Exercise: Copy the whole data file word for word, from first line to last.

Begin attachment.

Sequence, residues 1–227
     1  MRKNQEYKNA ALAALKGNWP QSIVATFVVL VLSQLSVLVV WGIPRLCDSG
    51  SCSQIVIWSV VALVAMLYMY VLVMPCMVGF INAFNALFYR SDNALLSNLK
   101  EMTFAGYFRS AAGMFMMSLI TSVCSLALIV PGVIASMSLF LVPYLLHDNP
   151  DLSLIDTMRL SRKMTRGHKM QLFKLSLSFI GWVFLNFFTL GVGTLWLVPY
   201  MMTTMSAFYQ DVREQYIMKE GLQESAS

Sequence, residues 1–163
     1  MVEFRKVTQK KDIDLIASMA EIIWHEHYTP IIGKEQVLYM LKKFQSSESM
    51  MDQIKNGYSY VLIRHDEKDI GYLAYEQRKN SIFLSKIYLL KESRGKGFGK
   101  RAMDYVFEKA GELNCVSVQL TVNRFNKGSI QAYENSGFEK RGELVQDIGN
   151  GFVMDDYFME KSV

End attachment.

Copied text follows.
Sequence, residues 1–227
     1  MRKNQEYKNA ALAALKGNWP QSIVATFVVL VLSQLSVLVV WGIPRLCDSG
    51  SCSQIVIWSV VALVAMLYMY VLVMPCMVGF INAFNALFYR SDNALLSNLK
   101  EMTFAGYFRS AAGMFMMSLI TSVCSLALIV PGVIASMSLF LVPYLLHDNP
   151  DLSLIDTMRL SRKMTRGHKM QLFKLSLSFI GWVFLNFFTL GVGTLWLVPY
   201  MMTTMSAFYQ DVREQYIMKE GLQESAS

Sequence, residues 1–163
     1  MVEFRKVTQK KDIDLIASMA EIIWHEHYTP IIGKEQVLYM LKKFQSSESM
    51  MDQIKNGYSY VLIRHDEKDI GYLAYEQRKN SIFLSKIYLL KESRGKGFGK
   101  RAMDYVFEKA GELNCVSVQL TVNRFNKGSI QAYENSGFEK RGELVQDIGN
   151  GFVMDDYFME KSV